Quote Originally Posted by blansky View Post
This may be tied to the thread of the fantasy location where you would like to go and photograph anywhere in the world. It also ties into the many threads that we talk about all the great places we were and didn't have, or failed to take a picture. You didn't stop your car. Not so much that you didn't get any pictures but the angst you feel about it.

So here's the question: How many times has your best/favorite photograph been actually better than an experience you had. When your cameras were at home and you just absorbed the magic of the moment.

The point is that most of us have some years behind us, and I bet that I have far better memories than I have photographs. (and I have a LOT of photographs). My memory of sitting on the beach in Hawaii is better than my photographs of Hawaii. The memories of staring at my wife are better than my photographs of my wife. The memories of the joy in children's faces is far better than any photograph I have of children's faces.

So if my memories of these gorgeous places and my memories of wonderful experiences are so powerful, why would I care if I take my camera to Machu Picchu, or the moon or Angelina Joli's bedroom.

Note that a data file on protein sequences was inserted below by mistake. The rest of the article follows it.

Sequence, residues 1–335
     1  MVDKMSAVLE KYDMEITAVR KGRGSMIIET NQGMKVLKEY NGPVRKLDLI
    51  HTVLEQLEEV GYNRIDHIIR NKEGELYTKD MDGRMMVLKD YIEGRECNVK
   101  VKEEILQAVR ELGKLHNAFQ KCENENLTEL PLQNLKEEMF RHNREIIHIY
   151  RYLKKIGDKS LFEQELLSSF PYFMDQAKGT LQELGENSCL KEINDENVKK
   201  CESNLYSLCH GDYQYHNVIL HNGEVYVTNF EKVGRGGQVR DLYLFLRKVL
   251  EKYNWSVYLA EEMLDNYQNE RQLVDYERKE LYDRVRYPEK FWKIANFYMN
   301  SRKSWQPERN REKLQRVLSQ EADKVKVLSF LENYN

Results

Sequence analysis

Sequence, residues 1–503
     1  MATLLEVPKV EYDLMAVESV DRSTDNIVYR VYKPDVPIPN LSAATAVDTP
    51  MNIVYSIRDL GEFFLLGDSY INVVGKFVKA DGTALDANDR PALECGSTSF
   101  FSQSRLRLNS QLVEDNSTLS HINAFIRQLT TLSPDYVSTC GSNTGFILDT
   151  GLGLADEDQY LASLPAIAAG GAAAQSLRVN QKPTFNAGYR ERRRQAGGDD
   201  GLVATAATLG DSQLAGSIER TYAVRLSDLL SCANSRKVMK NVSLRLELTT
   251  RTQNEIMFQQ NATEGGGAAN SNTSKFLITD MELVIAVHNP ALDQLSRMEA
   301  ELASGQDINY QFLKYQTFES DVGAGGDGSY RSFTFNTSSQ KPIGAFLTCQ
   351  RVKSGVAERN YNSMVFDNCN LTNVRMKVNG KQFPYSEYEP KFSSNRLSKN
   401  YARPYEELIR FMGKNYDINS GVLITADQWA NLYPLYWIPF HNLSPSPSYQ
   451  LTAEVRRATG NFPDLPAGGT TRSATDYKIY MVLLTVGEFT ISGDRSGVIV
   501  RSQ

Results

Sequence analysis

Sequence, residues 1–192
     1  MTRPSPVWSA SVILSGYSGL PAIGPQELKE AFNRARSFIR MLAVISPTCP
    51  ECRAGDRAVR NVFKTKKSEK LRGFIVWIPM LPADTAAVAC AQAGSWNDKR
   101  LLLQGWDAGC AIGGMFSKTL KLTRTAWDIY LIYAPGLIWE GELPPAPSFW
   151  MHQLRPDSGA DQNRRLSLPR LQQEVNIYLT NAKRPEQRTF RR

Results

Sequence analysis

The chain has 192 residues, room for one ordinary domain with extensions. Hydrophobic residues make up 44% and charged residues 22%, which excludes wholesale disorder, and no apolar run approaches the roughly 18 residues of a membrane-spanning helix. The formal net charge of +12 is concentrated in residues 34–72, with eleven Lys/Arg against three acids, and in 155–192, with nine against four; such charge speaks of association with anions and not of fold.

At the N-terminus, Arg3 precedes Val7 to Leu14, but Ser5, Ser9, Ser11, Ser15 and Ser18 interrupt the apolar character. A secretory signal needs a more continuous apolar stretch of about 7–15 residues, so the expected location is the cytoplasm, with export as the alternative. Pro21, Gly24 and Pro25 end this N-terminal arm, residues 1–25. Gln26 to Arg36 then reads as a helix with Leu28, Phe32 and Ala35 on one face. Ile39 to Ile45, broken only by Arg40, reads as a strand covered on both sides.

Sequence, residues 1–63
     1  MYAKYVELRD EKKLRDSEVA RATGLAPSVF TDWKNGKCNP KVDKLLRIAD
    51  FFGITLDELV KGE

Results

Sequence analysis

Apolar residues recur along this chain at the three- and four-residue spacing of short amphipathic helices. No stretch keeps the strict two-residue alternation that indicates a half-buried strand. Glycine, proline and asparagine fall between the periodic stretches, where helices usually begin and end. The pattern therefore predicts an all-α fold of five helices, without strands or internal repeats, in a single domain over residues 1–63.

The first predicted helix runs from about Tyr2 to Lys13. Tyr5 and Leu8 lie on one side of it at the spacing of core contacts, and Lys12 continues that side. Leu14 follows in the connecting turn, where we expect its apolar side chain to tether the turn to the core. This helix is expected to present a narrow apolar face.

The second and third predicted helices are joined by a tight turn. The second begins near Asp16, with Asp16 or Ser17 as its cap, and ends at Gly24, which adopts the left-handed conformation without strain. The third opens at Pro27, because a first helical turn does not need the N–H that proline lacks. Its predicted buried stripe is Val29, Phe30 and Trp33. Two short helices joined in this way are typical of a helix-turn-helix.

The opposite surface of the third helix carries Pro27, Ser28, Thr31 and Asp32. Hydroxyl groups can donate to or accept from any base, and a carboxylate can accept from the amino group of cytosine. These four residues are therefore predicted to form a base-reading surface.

Why do I feel the need to record these places and events instead of actually enjoy the experience of being there. And why do we let the angst of taking the perfect photograph of these places sometimes over ride our pleasure of experience it in the first place?

I know some are going to say, "but the photograph helps me to remember the experience".

The problem is, the experience was not you experiencing the moment but rather you trying to capture it. Sort of like you missed the photo finish of the greatest horse race ever run because you were concentrating on taking a picture of the greatest horse race ever run. You have the picture but lost the memory of seeing, feeling and experiencing it.

In other words, you missed the magic because you were so busy trying to capture the magic.

Your comments?
Even the best photograph is merely an abstraction of the Real. Nonetheless, a photograph can remind us many years hence that we really did experience something although it (the photograph) will never be able to live up to that past, real event. There is a fabulous and sad Duane Michals image, "This Photograph is My Proof" that addresses your question. Being and Photographing don't have to be mutually exclusive. Enjoy the World first, but keep the camera handy.